Then, the sexy dancing! It is only vaguely dirty, in a way that makes you suspect that Yet Another Blonde Girl and the Fellow Dancer have stolen all their Dirty Dancing moves from a late night Cinemax movie.

It is only vaguely dirty, in a way that makes you suspect that Yet Another Blonde Girl and the Fellow Dancer have stolen all their Dirty Dancing moves from a late night
Cinemax movie.

Sadly, Yet Another Blonde Girl neglects to remove Boyfriend's blindfold throughout her dance.

So he is not actually able to view her Skinemax-inspired "wildness". When his blindfold is finally taken off, she kisses Fellow Dancer, and Boyfriend does a satisfying double take. Ba-boing! They all head off-stage, with Boyfriend clearly having Skinemax-inspired fantasies his own self. "Maybe this'll be just like in 'Beverly Hills Bordello 5"!"

"I'll show you wild!" Captain Spank avows. "I'll fuck you raw!"

This is the point where Captain Spank and His Funk Posse realize Todd the Audience Wrangler is fed up. Plus, as Captain Spank announces, "We ain't prolly gonna see no more tits." So they rise as a group and leave.

Keg, Carrie and I grab the chairs.

Fourth Segment:
This is the hard core white trash segment. In a stunning reversal, it begins with the Husband, who is a sad specimen. He is what you think of when you think of white trash. Only he has dressed up for the show.

His bride of two years, with whom he has a young kid and whom he has knocked up again, has decided to enter the high-paying world of stripping. She is a Wayward Wife!

How did Wayward Wife come to this career path? Is this a new degree from DeVry?

No, it turns out Husband introduced her to a Siren Stripper of his acquaintance at a mall. "But I never gave her no twenties! She's nasty!"

Siren Stripper turns out to be somewhat heavy, which the audience interprets at "fat as shit" (though most all of us are not svelte ourselves). Wayward Wife is also a bit heavy, as well as three moths pregnant (as previously stated).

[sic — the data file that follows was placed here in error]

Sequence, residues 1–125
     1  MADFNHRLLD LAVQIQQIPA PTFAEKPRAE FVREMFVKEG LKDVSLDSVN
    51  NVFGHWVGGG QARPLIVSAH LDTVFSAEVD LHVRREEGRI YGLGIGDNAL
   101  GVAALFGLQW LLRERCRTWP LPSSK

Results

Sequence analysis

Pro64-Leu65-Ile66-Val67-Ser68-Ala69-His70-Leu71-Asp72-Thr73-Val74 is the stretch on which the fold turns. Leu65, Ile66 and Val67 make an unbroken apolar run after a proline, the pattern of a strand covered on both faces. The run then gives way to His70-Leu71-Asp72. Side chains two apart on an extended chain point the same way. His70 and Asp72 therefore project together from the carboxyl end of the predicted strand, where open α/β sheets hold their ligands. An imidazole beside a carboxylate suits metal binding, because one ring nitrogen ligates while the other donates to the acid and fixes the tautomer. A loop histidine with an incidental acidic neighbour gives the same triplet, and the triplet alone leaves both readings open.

Husband gets down on his knees, starts to cry (though his back is to the audience, we can hear his sobs), and demands of his wife to reaffirm her fealty to their marriage and children.

"When was the last time you had a job?" she demands.

"Four years. But what about the kids?"

"The kids are coming home with me and her."

"Baby, what are you gonna eat? Cottage cheese?"

"Baby, what are you gonna eat? Cottage cheese?"

This mocking of Siren Strippers weight is the only moment when we in the audience don't laugh at Husband and his pathetic pleas. There's no CRYING on SPRINGER, you dolt!

Then, the sexy dancing! The audience cheers under the instructions of Todd the Audience Wrangler, though many of them clearly want to boo the Cottage Cheese.

The final segment brings everyone back out on stage, to allow the audience to mock them and call them names. Todd the Audience Wrangler has warned everyone not to ask for hugs, or spanks, or lapdances, or any other damn question that's been asked a thousand fucking times before. So the audience asks for hugs, and spanks, and lapdances and other familiar things.

When one black woman tries to ask Wayward Pregnant Wife a serious question about rising her kids, she is shouted down by a Todd the Audience Wrangler-led chant of "Go! On! Oprah! Go! On! Oprah!"

And in this final segment, when they film for eight minutes to cut down to a final three, I have a crisis. I have thought of something to say, something that has likely not been said before on any other show.

I debate raising my hand to tell the Wimp Boyfriend: "Dude, you'll feel a lot better when you and your hair go back to playing in your Journey Cover Band."

I debate raising my hand to tell the Wimp Boyfriend: "Dude, you'll feel a lot better when you and your hair go back to playing in your Journey Cover Band."

It is not a great line, but it isn't bad. And all the other questions frankly suck.

So it seems possible this mocking comfort of a person experiencing sorrow on camera might have a good chance to make the final three minutes. I prepare to raise my hand.

And then I think, "I might ask a question that gets my face on the Jerry Springer show."

And then I think about my friend who was saved by 20/20. And about the Doomed Production Women. And about how I'm on team UE, just like most of the guests.

And I realize that I just don't want to end up as part of the permanent record of Jerry Springer. So the statement goes unstated.

The final question is asked: "Are you going to keep stripping?"

This seems a bit odd, since Todd the Audience Wrangler has asked us not to boo the last question, which is a planted question that will produce a patriotic answer for "any guys overseas who might see the show."

The Busty Brunette Coworker gives her prepared answer. "In this economy? And with a President named BUSH? Of COURSE I'm going to keep stripping!"

Todd the Audience Wrangler leads us in a chant of "U! S A! U! S A!"

Jerry gives his final thought, which even he clearly thinks is almost poetic in its meaninglessness. We stumble out into the Chicago night, feeling surprising unsoiled.




Loren ipsum